Curry lovers, take note:
Your favourite meal may make you happier. When Indian researchers gave people with depression an antidepressant or a supplement containing curcumin (an extract of the herb turmeric, which is commonly used in curries) for six weeks, the two groups experienced similar improvements in symptoms (65 percent and 63 percent, respectively) – and the extract caused fewer side effects.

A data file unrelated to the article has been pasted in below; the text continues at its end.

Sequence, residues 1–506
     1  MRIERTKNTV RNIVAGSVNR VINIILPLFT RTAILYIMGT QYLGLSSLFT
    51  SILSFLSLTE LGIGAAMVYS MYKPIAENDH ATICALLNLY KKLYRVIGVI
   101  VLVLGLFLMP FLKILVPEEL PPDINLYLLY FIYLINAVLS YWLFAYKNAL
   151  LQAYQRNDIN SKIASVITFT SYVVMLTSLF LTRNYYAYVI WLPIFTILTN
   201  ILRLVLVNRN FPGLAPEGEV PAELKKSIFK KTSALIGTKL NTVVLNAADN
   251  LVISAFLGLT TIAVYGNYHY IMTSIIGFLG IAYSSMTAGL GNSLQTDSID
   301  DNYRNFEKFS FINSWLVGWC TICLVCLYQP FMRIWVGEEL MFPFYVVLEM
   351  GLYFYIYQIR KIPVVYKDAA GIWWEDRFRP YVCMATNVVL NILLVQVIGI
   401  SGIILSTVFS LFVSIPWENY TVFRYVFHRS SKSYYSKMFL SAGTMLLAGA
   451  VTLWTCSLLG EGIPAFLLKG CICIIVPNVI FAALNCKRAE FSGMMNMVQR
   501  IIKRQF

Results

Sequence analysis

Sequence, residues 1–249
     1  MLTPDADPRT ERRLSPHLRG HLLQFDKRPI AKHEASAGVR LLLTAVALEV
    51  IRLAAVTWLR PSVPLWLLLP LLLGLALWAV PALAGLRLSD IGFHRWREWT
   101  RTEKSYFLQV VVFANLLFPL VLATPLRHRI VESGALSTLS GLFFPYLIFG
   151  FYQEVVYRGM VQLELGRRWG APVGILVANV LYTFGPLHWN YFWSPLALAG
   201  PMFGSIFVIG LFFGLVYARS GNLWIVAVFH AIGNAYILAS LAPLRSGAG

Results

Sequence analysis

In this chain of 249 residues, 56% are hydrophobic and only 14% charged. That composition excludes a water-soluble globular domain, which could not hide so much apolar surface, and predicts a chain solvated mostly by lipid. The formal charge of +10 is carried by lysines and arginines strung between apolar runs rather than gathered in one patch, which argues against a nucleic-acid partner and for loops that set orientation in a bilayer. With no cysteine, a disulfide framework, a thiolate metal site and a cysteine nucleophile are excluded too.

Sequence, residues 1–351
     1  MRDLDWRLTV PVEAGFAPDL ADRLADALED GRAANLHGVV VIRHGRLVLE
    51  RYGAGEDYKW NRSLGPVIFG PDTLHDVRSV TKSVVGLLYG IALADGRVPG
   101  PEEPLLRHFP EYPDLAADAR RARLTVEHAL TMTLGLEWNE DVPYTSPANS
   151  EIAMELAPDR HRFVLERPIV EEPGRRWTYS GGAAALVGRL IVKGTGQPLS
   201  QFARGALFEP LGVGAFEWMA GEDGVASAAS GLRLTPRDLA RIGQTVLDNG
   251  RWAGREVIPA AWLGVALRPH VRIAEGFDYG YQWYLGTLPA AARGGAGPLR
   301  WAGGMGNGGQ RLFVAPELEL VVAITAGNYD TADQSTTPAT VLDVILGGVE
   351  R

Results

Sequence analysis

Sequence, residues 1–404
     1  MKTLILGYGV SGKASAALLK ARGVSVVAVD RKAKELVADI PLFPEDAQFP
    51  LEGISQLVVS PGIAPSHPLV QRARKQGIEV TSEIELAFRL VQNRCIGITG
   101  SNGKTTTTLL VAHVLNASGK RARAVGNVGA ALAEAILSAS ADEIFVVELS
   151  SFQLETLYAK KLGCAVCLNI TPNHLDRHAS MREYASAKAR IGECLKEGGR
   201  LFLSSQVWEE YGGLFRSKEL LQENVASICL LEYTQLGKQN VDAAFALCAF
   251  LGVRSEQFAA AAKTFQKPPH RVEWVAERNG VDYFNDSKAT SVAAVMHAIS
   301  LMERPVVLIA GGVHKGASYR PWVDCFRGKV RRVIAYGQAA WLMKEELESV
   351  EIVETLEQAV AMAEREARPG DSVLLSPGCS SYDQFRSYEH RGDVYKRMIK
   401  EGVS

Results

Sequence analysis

“Curcumin has been used for thousands of years, but only in the last two decades have almost 7,000 reports been published attempting to explain how it works,” says Bharat Aggarwal, Ph.D., professor of experimental therapeutics at the M.D. Anderson Cancer Centre at the University of Texas. “Recently we discovered it’s an anti-inflammatory.” That explains the link to depression (inflammation contributes to the condition), as well as its efficacy at treating or preventing cancer, diabetes, and muscle and joint pain.
Unless you consume a curry heavy diet, you’ll struggle to eat enough turmeric to reap the benefits. Look for a supplement that contains BCM-95.